Alain Visser seems, at first, like more of a fashion CEO than the head of one of the newer and more interesting automobile brands. His relaxed and open-minded attitude, a sneaky grin and Cole Haans tied with brightly colored shoelaces all set him apart from the other major car brand CEOs reading from teleprompters at the 2019 Shanghai Auto Show. Visser has a different job here: he’s showing the market that someone understands how drivers and their needs, desires and ownership of private transportation are changing and how to create a viable business around it. It helps, of course, to have no legacy brand issues, a supportive parent company and more than 30 years in the auto industry at Ford, GM and Volvo to back him up.
Lynk & Co, the venture launched by Geely (the biggest privately owned automaker in China that has acquired Volvo, The London Taxi Company and Lotus) has soaring ambitions to shake up the dinosaur-like car industry.
Their first model, a plug-in hybrid SUV simply named 01, launched in China in 2017. It’s not a groundbreaking car; under the hood is well-respected Volvo technology and parts (specifically the Compact Modular Architecture platform found in the Volvo XC40). The car stands on its own with an independent point of view, and its few variations keep its price down. The revolutionary concept here is how they want to launch in metropolises in Europe—starting in Amsterdam in 2020—with other markets and the United States to follow: a subscription service for their electrified and soon-full electric cars, with a minimum contract of just one month (similar to Book by Cadillac when it launched in a few test markets in the USA in 2017).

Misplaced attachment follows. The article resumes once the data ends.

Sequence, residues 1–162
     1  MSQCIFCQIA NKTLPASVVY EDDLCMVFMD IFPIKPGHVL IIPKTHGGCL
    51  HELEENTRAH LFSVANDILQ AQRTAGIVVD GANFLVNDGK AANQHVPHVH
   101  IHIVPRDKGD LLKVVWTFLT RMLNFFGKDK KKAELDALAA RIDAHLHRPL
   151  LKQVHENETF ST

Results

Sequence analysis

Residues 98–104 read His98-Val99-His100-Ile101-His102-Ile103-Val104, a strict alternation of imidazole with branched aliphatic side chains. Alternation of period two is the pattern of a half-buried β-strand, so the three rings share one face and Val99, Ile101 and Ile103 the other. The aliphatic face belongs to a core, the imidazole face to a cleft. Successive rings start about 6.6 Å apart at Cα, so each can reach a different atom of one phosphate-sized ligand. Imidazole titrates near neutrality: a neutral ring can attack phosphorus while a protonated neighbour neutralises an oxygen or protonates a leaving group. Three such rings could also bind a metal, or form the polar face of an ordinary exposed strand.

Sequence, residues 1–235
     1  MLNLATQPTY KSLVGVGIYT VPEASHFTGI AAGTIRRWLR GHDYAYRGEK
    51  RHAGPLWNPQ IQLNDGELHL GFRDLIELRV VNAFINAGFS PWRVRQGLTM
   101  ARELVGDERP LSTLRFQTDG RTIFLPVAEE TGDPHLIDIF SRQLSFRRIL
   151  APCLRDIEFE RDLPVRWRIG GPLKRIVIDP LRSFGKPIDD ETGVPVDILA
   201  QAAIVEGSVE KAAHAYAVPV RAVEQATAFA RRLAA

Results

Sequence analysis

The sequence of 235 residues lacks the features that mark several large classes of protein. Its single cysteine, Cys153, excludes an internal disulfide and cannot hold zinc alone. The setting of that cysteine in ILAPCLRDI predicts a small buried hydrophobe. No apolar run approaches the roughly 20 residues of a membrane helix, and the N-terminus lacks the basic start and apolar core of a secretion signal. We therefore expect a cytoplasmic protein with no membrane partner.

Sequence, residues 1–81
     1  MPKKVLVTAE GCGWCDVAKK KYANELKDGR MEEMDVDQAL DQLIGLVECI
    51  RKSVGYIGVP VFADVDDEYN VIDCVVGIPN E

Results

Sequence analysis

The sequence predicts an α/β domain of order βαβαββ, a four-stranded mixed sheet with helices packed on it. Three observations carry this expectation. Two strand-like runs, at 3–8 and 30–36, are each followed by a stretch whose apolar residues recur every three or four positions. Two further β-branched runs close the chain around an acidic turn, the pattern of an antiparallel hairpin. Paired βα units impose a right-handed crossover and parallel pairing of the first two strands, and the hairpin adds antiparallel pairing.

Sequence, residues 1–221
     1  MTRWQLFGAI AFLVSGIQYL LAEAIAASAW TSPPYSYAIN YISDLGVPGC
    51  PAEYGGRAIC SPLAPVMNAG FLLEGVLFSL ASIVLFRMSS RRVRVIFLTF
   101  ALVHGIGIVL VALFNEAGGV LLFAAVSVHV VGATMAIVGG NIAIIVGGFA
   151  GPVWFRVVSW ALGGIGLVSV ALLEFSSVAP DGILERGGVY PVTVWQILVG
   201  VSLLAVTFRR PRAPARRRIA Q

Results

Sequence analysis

Volvo already experimented with this alternative model through Care by Volvo, where you could subscribe to a Volvo V60 for a flat rate per month (including insurance), though it required a 24-month minimum contract. Lynk & Co wants to get rid of every restriction possible that turns off city residents to car ownership and have hitting the road be as easy as signing up or canceling a Spotify or Netflix membership.
Visser notes that his first day on the job (back in October 2015) he left overseeing the 3,000+ employees as an SVP of marketing, sales, and customer service at Volvo to start alone. He’s slowly built a lean, start-up-like team, hiring people who share his point of view. It’s perhaps not a surprise that nearly everyone on his team has come from outside the car industry. The head of PR was formerly at the International Commission on Missing Persons, and the marketing lead left behind a career with creative agencies and fashion brands, all in the mindset of breaking down outdated processes that inconvenience the customer.